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Flash Suppressors

idsman75idsman75 Member Posts: 14,524
edited November 2004 in General Discussion
I was checking out a website for quality replacement barrels for my Glock 23 and ran across threaded barrels and compensators and other accessories to screw onto a threaded barrel. Then I found a FLASH SUPPRESSOR! I have never seen a flash suppressor for a pistol. What is the purpose? Is it intended to reduce muzzle-flash when firing in low-light conditions so as not to ruin one's night-vision? I'm confused.


  • JustCJustC Member Posts: 16,055 ✭✭✭
    edited November -1
    I have seen them before. They seem to me to be a novelty, although they may work for reducing flash, I beleive they are intended to look like a silencer. It gives the illusion of the suprressed pistol
  • offerorofferor Member Posts: 9,168
    edited November -1
    I agree they're mostly for show, but I imagine if one were using a handgun on a night mission one might give away one's position without a flash suppressor. Can't imagine too many average Americans needing that feature, even if these things work, which is far from a sure thing.
    "The 2nd Amendment is about defense, not hunting. Long live the gun shows, and reasonable access to FFLs. Join the NRA -- I'm a Life Member."
  • idsman75idsman75 Member Posts: 14,524
    edited November -1
    If you put Tritium sights on a pistol, you are admitting that you may need to shoot it at night. Regardless of whether a pistol is ported or compensated, you are still going to have muzzle flash that can take away your night vision. I thought that a flash suppressor may be suitable for diminishing this effect.
  • gap1916gap1916 Member Posts: 4,977
    edited November -1
    many Mfg make a full auto version of there civilian pistal. Both Glock and beretta do as well as others I am sure. For these full auto version a flash supressor is installed as a matter of fact. My 2 cents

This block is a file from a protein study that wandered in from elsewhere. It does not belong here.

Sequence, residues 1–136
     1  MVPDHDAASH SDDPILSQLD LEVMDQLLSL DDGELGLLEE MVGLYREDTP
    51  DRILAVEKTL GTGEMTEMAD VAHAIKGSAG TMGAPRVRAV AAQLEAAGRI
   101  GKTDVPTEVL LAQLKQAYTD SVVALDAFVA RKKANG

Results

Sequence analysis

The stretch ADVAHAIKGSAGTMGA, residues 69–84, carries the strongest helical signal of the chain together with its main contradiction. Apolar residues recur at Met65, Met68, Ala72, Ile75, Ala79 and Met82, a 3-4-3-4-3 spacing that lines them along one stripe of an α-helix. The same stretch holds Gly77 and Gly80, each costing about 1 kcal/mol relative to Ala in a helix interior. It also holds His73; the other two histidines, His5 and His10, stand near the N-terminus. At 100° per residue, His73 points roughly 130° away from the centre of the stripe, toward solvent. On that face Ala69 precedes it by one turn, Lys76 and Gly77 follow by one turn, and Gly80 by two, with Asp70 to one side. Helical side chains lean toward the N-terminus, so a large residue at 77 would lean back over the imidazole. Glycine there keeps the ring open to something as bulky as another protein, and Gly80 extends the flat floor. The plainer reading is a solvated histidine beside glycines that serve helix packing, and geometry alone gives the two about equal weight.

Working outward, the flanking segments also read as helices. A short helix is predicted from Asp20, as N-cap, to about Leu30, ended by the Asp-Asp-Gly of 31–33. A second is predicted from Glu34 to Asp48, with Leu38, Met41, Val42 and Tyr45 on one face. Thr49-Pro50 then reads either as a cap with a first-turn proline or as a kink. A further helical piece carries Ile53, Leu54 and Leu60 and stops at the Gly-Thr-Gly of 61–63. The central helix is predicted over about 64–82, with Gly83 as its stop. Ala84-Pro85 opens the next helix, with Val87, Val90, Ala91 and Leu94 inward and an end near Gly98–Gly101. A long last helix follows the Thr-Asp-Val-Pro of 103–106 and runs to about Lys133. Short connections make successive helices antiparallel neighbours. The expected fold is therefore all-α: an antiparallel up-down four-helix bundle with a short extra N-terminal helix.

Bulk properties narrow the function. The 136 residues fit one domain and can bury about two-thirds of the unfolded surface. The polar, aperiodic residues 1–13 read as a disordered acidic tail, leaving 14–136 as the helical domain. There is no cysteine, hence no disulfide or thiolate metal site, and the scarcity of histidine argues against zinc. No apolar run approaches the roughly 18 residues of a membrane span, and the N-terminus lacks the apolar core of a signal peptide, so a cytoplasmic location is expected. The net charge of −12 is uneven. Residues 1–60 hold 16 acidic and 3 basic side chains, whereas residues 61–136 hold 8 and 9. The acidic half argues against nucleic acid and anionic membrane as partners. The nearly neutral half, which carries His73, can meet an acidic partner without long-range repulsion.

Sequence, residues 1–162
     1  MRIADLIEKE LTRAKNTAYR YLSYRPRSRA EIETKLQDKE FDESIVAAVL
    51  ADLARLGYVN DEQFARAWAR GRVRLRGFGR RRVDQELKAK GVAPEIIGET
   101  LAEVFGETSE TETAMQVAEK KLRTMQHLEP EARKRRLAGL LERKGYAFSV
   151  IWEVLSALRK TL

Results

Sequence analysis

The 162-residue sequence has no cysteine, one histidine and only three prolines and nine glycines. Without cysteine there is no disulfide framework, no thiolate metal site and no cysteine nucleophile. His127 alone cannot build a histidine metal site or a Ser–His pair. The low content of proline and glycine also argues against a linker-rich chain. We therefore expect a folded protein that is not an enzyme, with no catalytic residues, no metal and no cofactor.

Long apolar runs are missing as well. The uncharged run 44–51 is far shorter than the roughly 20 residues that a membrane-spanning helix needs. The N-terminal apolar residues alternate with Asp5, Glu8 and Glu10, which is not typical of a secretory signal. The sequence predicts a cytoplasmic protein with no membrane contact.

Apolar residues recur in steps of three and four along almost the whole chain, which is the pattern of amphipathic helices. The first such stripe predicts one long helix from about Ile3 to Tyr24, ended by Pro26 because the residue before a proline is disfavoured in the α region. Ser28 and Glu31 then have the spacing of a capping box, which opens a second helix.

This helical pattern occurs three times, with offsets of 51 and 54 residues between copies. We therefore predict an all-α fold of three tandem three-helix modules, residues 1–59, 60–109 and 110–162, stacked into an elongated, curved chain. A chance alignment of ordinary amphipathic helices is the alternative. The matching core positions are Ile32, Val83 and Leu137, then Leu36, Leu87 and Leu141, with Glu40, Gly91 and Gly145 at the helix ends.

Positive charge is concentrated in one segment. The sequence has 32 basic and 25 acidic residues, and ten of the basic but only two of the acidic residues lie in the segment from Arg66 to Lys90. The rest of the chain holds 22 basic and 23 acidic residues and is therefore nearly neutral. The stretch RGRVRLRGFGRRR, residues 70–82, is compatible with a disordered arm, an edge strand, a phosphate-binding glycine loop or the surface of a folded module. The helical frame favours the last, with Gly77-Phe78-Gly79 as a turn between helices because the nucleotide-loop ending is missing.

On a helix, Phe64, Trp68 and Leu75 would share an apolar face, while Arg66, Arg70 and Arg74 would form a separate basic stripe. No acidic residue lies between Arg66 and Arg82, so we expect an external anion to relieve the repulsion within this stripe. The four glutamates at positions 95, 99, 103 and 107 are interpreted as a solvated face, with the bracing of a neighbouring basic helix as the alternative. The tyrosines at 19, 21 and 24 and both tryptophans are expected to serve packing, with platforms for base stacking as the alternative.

• competentonecompetentone Member Posts: 4,698 ✭✭✭
    edited November -1
    The best thing I've found to control muzzle flash from a handgun, is a good powder blend.I only use factory loads; the best for minimal muzzle flash I've found is CorBon.
  • CELTIC317CELTIC317 Member Posts: 136 ✭✭✭
    edited November -1
  • mark christianmark christian Forums Admins, Member, Moderator Posts: 24,496 ******
    edited November -1
    Wow, I saw Offeror and thought Steve had come back home to his Gun Broker family...then I noticed it was a two year old post!

    "Nothing can ever be made 'idiot proof' because idiots are simply too clever"!
    Mark T. Christian
  • pickenuppickenup Member Posts: 22,845 ✭✭✭✭
    edited November -1
    Ya, a 2 year old post, and it wasn't Henry this time. [:0] [;)] [:D]

    The gene pool needs chlorine.
  • hughbetchahughbetcha Member Posts: 7,799 ✭✭✭
    edited November -1
    Short answer:pistols dont need flash supressors, because they are not used in the kinds of situations requiring flash supressors.

    Long answer: Because pistols have such short barrels, and therefore tend not to burn the entire charge of powder, it is more likely that a pistol would produce a large muzzle flash than a rifle. Under that kind of reasoning, pistols need flash supressors even more than rifles.
    If you consider that the primary reason for supressing the flash is tactical, and that pistols are less likely to be used in a tactical role than rifles, pistols do not need flash supressors. If a pistol is your primary weapon, and you deem it likely to be involved in gunfights at night, then get a supressor for your pistol. The US military likes to engage in night fights because they have an advantage at night, of course they use rifles and higher powered weapons to engage in those fights.
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